But he added: “There is still a lot of life let in the North Sea, with plenty of work to keep the supply chain fed.”
Marine Richard, an associate analyst at oil intelligence firm Infield Systems, highlighted how projected developments in the global oil and gas market over the next four years are worth an estimated US$660bn with subsea accounting for 22% of these projects.
However she highlighted how 27% of these global projects needed oil to stay at $100 a barrel to be viable.
Last year, US oil company Chevron put a hold on its Rosebank development in the deep water frontier, West of Shetland.
Peter Blake, subsea manager at Chevron North Sea, explained it was redesigning this £7bn scheme to make it cost-effective, but said projects in this part of the North Sea would slowly go ahead.
Blake also threw out a challenge to the North East supply chain highlighting how there were global capacity constraints in the subsea sector for products known as Christmas trees, which are essentially a steel fabrication unit on the ocean floor which acts as a distribution hub for some of the pipes and electronic control equipment.
He continued: “Aberdeen is overheating and there are great opportunities for companies in the North East to look at this as a potential new market.”
Further technology advances will also see a growing need for UK composite spool manufacturers, said Blake.
Subsea North East is comprised of senior executives from some of the region’s major companies and aims to promote and act as a single voice for the industry in the North East.
Earlier this year it compiled its own activity survey from 15 member companies – including IHC Engineering Business, SMD, BEL Valves and GE Oil & gas (Wellstream) – which show they expect to grow revenues by 25% this year to a combined total of almost £1bn.
Andrew Hodgson, chief executive of remotely-operated subsea vehicle firm SMD of Wallsend, is chairman of Subsea North East and he compered last week’s conference.
He said: “The North East is the technology hub of the UK subsea industry. In the future the industry will need greater collaboration and we are the one region in the country that can do that and add value.”
Gordon told Journal Energy: “The North East is traditionally seen as manufacturing and fabrication location, but that is changing. The costs are high in Aberdeen and businesses are looking further afield. They now realise it’s possible to run project management from elsewhere.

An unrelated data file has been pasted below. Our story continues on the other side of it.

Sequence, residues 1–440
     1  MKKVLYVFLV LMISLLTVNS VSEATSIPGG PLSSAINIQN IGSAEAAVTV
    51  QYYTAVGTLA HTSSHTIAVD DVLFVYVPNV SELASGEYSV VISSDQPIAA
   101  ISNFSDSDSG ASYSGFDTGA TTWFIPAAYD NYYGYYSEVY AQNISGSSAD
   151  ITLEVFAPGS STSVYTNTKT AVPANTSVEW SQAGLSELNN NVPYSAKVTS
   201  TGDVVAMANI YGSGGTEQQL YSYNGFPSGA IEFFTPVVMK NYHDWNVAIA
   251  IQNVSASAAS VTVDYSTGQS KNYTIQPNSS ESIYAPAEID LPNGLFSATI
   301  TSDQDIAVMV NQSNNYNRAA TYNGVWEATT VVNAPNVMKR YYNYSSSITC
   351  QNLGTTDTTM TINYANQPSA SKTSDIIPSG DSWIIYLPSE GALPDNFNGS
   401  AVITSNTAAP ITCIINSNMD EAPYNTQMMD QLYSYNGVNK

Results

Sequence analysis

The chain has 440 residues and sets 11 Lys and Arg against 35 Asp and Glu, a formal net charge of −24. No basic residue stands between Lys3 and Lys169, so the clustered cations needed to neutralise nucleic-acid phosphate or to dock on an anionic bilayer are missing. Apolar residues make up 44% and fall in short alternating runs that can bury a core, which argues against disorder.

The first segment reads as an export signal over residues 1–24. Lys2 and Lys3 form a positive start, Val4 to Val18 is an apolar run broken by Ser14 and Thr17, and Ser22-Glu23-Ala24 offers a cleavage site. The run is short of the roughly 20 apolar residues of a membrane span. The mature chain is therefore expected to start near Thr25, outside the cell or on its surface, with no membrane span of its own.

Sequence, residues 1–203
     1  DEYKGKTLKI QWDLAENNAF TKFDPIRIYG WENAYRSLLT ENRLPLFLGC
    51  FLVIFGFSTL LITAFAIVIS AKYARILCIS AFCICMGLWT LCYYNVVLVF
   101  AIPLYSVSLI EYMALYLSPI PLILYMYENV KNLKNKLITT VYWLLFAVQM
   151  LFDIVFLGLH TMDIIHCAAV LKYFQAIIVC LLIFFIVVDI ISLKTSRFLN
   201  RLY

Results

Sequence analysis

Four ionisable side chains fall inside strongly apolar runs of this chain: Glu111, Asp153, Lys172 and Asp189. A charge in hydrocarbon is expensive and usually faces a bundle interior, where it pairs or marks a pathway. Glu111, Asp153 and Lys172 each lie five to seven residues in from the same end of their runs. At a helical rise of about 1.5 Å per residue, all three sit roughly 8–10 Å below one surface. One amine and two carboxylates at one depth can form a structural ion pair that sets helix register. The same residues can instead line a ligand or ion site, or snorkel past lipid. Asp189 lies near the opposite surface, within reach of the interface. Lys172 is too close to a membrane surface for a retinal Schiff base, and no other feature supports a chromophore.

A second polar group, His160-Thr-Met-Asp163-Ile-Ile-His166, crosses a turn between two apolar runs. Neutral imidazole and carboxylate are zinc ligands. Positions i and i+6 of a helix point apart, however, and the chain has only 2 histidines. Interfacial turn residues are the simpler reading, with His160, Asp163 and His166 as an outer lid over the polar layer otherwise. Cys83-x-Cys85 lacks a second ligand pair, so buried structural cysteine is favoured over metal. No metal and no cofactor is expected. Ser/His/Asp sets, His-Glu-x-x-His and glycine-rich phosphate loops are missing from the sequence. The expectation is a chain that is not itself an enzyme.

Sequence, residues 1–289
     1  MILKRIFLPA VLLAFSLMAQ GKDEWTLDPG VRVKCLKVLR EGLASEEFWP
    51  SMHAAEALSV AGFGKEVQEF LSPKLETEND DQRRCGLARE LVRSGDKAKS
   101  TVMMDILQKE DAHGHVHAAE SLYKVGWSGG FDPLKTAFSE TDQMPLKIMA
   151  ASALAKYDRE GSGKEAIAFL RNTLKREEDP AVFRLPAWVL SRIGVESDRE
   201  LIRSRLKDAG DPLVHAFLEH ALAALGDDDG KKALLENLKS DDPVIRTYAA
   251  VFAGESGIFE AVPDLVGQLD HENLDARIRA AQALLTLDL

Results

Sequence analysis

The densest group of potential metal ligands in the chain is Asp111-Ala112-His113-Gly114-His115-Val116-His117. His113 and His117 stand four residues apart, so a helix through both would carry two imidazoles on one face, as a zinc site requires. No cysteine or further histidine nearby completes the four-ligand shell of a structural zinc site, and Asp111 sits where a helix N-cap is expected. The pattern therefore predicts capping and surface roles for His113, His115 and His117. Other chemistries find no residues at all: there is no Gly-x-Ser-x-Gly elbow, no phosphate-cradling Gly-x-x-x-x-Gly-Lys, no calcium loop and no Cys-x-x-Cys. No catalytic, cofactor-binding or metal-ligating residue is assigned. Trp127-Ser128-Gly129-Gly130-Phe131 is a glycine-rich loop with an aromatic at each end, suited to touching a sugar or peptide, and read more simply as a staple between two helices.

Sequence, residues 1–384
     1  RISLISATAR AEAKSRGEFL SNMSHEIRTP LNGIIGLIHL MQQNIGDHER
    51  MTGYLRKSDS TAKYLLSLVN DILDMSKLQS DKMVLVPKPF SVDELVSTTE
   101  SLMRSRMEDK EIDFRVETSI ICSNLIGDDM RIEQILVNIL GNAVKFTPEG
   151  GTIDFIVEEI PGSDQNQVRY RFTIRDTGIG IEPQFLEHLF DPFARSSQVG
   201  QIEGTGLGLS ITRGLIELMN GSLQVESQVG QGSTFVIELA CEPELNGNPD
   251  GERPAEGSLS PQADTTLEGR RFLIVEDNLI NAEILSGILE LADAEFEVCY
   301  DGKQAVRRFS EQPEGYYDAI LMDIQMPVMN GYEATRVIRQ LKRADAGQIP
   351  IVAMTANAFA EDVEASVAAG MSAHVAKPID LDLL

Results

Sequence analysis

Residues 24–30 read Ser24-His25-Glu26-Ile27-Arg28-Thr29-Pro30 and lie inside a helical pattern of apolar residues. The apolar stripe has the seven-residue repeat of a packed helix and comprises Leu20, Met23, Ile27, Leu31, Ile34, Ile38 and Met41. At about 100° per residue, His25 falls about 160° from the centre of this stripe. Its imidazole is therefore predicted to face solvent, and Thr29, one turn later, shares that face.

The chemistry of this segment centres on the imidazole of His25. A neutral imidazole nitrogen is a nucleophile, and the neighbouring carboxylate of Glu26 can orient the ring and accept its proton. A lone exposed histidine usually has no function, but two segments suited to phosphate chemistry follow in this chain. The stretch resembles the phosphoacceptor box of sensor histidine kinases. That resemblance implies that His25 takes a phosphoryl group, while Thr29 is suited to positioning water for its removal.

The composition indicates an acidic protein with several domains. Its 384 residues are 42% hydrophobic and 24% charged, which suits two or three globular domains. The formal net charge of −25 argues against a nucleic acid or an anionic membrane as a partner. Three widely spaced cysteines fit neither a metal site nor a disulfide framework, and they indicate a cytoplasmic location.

“The North East is now being seen as a location for project management, engineering and operational activities. The growth in the North East is impressive and is proving more attractive to firms from Aberdeen.”
Question time debate
Renewable energy, climate change, glacial retreat and energy security will be the focus of a panel discussion in Durham City later this week.
Organised by Durham University Geographical Society the ‘Climate Change Question Time’ event provides an opportunity for the public to question experts on the science of climate change and glacier melt to tackling climate change in the North East at a business and individual level. The event in Durham Town Hall follows a public screening in the Market Place of the film Chasing Ice, between 4:15 and 6pm. The documentary highlights the melting of some of the world’s glaciers.
The panel discussion, which takes place between 6.30pm and 7.30pm, is hosted by David Saddington, vice-president, of Durham University Geographical Society. The panel will feature:
Professor Antony Long, head of Durham University Geography Department, ‘Tipping Points’ researcher and editor in chief of the Journal of Quaternary Science.
Dr Chris Stoke, glaciologist specialising in ice sheet dynamics at Durham University.
Dr Arvin Zolfaghari, head of exposure management at global insurer Liberty Syndicates.
Peter McCusker, energy writer for The Journal and founder of Mamjam Media, a publicity and media relations business based in County Durham.
The event is run by Durham University Geographical Society and supported by Durham University, Durham County Council, Natural Environment Research Council and Liberty Syndicates. For further information visit: www.visitdurham.com